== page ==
get-help C:\admin\scripts\ServicesLog.ps1


A script can contain any valid Windows PowerShell commands, including single
commands, commands that use the pipeline, functions, and control structures
such as If statements and For loops.

To write a script, start a text editor (such as Notepad) or a script editor
(such as the Windows PowerShell Integrated Scripting Environment [ISE]). Type
the commands and save them in a file with a valid file name and the .ps1 file
name extension.

The following example is a simple script that gets the services that are
running on the current system and saves them to a log file. The log file name
is created from the current date.

$date = (get-date).dayofyear
get-service | out-file "$date.log"

To create this script, open a text editor or a script editor, type these
commands, and then save them in a file named ServiceLog.ps1.


To define parameters in a script, use a Param statement. The Param statement
must be the first statement in a script, except for comments and any
#Requires statements.

Script parameters work like function parameters. The parameter values are
available to all of the commands in the script. All of the features of
function parameters, including the Parameter attribute and its named
arguments, are also valid in scripts.

When running the script, script users type the parameters after the script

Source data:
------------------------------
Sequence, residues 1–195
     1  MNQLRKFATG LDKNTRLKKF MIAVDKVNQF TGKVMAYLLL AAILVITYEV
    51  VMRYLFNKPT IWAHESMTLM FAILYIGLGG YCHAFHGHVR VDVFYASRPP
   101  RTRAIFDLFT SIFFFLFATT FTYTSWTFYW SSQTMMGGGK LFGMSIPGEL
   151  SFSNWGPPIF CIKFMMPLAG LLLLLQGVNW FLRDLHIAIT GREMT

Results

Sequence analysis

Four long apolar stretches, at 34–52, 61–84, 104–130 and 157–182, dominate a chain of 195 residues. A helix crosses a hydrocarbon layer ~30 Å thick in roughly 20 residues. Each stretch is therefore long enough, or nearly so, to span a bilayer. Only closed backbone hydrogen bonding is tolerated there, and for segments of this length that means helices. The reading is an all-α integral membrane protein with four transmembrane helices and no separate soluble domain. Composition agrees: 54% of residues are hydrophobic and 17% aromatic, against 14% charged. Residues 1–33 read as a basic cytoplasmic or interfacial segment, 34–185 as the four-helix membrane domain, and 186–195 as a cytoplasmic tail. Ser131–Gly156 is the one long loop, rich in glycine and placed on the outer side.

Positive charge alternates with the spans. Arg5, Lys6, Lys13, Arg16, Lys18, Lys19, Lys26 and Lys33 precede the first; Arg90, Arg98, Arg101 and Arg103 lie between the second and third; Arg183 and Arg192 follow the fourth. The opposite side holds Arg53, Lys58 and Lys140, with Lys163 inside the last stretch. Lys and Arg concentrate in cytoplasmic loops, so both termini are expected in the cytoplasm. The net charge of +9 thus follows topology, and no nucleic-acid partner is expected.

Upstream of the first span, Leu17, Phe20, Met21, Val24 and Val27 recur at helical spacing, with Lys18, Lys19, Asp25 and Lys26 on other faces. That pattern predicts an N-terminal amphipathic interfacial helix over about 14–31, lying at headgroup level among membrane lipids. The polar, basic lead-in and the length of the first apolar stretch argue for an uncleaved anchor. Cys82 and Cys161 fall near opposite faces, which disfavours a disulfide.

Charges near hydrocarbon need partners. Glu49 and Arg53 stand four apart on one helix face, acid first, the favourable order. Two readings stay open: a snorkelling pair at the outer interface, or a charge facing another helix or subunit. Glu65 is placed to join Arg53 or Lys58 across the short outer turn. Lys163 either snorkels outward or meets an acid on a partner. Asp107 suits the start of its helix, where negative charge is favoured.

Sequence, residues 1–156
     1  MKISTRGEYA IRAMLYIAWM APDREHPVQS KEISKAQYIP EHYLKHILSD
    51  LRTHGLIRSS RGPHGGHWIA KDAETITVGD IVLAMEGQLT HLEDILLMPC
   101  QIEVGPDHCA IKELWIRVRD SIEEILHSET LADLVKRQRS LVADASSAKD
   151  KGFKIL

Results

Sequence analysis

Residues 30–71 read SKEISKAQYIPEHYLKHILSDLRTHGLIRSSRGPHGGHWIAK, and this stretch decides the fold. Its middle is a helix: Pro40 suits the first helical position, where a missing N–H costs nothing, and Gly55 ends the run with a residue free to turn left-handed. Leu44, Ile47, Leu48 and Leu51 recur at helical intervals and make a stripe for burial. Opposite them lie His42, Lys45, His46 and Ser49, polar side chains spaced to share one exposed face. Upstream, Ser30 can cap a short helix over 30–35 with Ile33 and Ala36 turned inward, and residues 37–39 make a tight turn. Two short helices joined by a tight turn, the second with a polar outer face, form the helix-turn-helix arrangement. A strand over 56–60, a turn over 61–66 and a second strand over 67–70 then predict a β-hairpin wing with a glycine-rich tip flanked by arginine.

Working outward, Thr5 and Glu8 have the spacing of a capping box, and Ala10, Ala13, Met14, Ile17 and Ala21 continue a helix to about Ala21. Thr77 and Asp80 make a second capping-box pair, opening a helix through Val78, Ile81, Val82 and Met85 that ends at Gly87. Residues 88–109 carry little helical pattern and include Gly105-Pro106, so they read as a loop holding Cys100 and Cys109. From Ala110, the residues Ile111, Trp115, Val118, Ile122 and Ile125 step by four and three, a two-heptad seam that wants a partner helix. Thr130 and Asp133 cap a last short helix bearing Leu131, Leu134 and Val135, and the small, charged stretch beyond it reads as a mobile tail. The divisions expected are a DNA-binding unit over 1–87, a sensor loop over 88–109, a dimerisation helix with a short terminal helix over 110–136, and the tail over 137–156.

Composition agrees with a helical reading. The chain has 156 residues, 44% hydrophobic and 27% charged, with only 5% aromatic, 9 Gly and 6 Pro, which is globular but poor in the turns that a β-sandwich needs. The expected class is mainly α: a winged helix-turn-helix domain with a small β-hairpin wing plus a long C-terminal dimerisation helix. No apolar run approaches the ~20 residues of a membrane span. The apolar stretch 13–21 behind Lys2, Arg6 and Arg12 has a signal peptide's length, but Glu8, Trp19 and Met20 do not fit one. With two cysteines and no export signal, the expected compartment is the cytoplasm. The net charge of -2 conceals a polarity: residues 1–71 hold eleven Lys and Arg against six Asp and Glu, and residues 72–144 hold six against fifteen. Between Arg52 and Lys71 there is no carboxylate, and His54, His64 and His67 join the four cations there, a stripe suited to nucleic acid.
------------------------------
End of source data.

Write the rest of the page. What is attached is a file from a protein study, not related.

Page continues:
The following example shows a Test-Remote.ps1 script that has a ComputerName
parameter. Both of the script functions can access the ComputerName
parameter value.

param ($ComputerName = $(throw "ComputerName parameter is required."))

function CanPing {
$tmp = test-connection $computername -erroraction SilentlyContinue

if (!$?)
{write-host "Ping failed: $ComputerName."; return $false}
{write-host "Ping succeeded: $ComputerName"; return $true}

function CanRemote {
$s = new-pssession $computername -erroraction SilentlyContinue

if ($s -is [System.Management.Automation.Runspaces.PSSession])
{write-host "Remote test succeeded: $ComputerName."}
{write-host "Remote test failed: $ComputerName."}

if (CanPing $computername) {CanRemote $computername}

To run this script, type the parameter name after the script name.
For example: